City's tax lid will stay on


The Mirror

No lid lift for now was the Federal Way City Council's decision earlier this week.

City officials gave the council the option of asking voters this fall to raise the dollar amount per thousand of assessed property value to help the city's funding situation. The city currently collects $1.30 per $1,000 of assessed property. The state's constitution and state laws limit the city to collecting $1.60 per $1,000.

But council members said Tuesday they aren't in favor of putting a lid lift before voters for several reasons –– chiefly that anti-tax advocate Tim Eyman's Initiative 864 is no longer a threat.

Before 1997, the city could raise the amount collected each year by as much as 6 percent from the previous year. Referendum 47, which passed in 1997, limited that increase to 2 percent. When Eyman's Initiative 747 passed in 2002 the increase was lowered to 1 percent or inflation, whichever was smaller.

Inflation has grown faster than 1 percent, so the city went with that number. Taxing organizations like the city and the Federal Way Fire Department can ask voters to approve a taxing percentage higher than 1 percent, but that voter-approved increase –– a lid lift –– is good for only one year. Hence, that is why voters see a proposal each year on the ballot asking for an increase for the Fire Department, which is funded separate from the city.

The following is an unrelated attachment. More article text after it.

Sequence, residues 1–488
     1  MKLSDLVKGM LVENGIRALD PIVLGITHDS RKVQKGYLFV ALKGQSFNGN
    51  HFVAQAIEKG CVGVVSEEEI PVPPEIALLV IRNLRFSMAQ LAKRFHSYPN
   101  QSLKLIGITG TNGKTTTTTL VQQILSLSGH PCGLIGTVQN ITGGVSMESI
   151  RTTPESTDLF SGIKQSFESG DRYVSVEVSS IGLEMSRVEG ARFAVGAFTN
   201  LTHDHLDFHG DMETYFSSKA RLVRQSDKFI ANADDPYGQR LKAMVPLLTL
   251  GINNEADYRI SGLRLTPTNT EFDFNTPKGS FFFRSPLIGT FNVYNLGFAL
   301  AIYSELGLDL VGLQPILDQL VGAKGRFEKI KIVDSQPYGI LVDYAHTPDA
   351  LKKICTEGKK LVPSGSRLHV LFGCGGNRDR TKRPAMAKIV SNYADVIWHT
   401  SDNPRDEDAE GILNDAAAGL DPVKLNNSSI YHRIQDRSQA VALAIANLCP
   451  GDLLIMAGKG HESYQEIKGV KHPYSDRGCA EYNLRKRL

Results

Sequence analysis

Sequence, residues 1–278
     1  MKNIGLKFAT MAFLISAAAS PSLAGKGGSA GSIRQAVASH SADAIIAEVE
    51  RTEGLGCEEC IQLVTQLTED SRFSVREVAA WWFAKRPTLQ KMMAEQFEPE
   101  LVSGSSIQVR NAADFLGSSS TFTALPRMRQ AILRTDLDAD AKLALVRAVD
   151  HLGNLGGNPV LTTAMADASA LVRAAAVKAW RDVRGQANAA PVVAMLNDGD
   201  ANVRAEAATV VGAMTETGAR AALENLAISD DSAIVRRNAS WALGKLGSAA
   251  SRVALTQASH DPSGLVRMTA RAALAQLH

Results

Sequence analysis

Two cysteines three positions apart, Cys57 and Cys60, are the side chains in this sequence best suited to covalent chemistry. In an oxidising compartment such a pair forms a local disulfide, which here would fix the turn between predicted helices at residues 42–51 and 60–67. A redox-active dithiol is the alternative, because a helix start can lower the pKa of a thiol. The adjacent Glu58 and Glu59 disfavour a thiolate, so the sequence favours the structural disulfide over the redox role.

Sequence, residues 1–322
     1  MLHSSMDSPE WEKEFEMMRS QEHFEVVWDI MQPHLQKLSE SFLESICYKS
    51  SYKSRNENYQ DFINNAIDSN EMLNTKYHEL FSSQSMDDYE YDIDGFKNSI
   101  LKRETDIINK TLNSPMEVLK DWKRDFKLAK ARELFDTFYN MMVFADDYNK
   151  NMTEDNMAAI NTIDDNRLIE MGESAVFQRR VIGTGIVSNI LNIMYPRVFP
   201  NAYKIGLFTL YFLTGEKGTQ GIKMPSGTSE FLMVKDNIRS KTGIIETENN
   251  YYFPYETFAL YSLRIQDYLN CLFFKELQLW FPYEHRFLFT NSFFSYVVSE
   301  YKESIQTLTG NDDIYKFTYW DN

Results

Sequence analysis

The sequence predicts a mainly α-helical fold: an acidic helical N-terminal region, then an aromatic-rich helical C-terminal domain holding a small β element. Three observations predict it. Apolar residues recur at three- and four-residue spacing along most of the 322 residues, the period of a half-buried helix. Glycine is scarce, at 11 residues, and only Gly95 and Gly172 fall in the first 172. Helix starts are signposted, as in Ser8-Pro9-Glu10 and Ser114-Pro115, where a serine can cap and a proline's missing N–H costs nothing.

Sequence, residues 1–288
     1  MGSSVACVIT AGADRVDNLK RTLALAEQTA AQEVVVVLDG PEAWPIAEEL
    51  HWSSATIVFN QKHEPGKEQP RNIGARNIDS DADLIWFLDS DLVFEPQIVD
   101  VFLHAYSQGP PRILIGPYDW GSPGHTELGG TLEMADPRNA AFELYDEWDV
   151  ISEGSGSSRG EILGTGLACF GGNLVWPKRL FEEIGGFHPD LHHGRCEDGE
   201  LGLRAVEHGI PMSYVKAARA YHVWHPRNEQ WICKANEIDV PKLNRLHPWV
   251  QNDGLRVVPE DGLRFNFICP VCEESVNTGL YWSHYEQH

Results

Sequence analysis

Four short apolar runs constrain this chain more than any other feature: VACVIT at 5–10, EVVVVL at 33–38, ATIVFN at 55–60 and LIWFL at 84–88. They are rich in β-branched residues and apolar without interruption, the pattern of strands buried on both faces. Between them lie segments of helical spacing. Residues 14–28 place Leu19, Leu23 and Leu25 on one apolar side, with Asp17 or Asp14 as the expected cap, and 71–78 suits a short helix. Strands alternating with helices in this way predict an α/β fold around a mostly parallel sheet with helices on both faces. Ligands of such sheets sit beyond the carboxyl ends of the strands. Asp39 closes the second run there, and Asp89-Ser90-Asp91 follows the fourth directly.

But when I-864 was announced, governments of all kinds began looking at options.

I-864 proposed rolling back property taxes by 25 percent and would have been a $2 million hit to Federal Way. Officials said the revenue cut would have meant fewer services could be paid for and the municipality would have to rely more on sales tax.

But if voters approved property taxes at the polls, they would be exempt from I-864's rollback.

The Eyman initiative expired earlier this summer because it lacked the requisite number of voter signatures on petitions to make the ballot.

Councilman Jim Ferrell urged his colleagues to reject a city lid lift and said that other taxing entities are now taking a "wait and see" approach.

Councilman Jack Dovey called the lid lift "a good idea at the time."

The council also pointed to a lack of time before the primary election in September or the general election in November. Educating voters about the levy lid lift needed more time, they said.

In the end, the council voted 6-1 to have the city's staff monitor the dollar amount being assessed and notify the council if the lid lift needs further consideration in the future. Ferrell was the lone nay vote.

The council meeting was the first in the new City Hall that opened fully Monday after city offices relocated last weekend from the old city hall building a few blocks away. The Police Department and Municipal Court moved in last month.

Staff writer Mike Halliday: 925-5565,

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